What Data Is and What It Isn’t

“Data are widely available; what is scarce is the ability to extract wisdom from them.” – Hal Varian (Google)

Data. Data. Data.  Our society is so chock-full of data and we love it.  But data can only do so much for us.  Often the words “data” and “information” become confused with each other.  The dictionary says that data is “individual facts, statistics or items of information.” Dictionary.com.

Jeff Stanger, of Center for Digital Information, (see below for link to full article) states that data is simply the result of research.  It does not inform on its own but carries the potential to inform.  Data is anything that can be digitized, such as numbers and text.  An example would be walking outside and deciding it was “hot” and “humid.” Or taking a thermometer and barometer to measure the temperature as 90F and the air pressure.  Both forms are data, just different kinds.  This data, however, only becomes useful as information when it’s communicated.  Without communication, data is only personal knowledge or even useless raw material.  Not only this, but if it is communicated in the wrong language, too softly or in some other form that is not accepted, the data may still be good, but the communication has failed.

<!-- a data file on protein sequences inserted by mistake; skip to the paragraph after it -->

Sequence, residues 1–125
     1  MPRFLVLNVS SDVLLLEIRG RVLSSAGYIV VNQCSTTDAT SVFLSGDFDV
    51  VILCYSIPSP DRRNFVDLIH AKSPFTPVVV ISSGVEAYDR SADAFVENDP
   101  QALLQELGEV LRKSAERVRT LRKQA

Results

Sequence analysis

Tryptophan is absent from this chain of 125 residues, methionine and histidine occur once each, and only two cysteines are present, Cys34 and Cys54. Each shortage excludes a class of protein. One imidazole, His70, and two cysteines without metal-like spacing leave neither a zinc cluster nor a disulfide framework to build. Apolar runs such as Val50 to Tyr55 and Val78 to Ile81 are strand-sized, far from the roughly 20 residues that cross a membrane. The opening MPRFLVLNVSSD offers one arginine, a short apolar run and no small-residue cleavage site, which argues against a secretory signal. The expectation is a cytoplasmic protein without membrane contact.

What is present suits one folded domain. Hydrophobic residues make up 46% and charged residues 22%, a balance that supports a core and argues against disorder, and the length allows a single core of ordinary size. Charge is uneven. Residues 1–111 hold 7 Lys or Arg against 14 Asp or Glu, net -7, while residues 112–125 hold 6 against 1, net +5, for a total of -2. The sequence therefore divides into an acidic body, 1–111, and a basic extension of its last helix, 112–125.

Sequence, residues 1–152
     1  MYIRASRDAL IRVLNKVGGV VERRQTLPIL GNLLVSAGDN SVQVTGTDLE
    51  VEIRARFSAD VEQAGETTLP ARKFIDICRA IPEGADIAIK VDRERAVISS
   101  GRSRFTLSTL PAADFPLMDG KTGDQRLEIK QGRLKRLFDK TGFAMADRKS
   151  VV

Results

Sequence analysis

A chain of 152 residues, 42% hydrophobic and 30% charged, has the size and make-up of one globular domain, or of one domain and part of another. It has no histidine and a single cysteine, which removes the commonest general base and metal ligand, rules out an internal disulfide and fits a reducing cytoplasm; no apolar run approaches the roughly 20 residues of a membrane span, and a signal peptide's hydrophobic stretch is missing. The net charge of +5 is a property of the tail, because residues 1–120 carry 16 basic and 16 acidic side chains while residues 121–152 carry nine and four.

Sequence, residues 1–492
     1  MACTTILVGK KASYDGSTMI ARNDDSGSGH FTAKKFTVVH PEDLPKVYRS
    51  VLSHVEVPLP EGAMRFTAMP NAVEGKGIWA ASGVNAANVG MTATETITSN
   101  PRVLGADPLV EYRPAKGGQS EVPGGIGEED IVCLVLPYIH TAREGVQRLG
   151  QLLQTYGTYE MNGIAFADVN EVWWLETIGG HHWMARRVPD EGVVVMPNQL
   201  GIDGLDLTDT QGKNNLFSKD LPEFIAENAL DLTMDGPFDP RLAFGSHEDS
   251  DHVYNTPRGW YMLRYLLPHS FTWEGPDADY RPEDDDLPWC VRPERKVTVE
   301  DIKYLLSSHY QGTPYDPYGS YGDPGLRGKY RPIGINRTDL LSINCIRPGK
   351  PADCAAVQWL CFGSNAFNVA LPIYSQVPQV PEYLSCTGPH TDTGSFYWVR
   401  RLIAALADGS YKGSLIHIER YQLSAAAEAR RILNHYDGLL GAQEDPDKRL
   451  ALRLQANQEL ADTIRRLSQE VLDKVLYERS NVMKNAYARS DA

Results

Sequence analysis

The way we communicate is extremely important, therefore.  According to the Center for the Digital Future, 82% of Americans have access to the Internet and 78% of these say that the Internet is important or very important as a source of information.  In another study by Pew Research Center, 85% of American adults have mobile phones, most of which have access to the Internet.

With all of this digital technology, the ability to collect and store data from research is easier than ever.  As non-profits, data is collected all the time for reporting and it’s important to convey this data, not just for legal/financial purposes, but to the general public as well.  The method doesn’t have to be fancy, just so long as the information is getting out there in a manner which is easy to understand.  Here are some great examples of interactive data on websites:

CIA World Factbook
ProPublica: How the Heart Rhythm Society Sells Access
What will happen to the world’s population?

For the full, original article, visit here.

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This article was featured in the July 2011 issue of our monthly newsletter, CDP Press.
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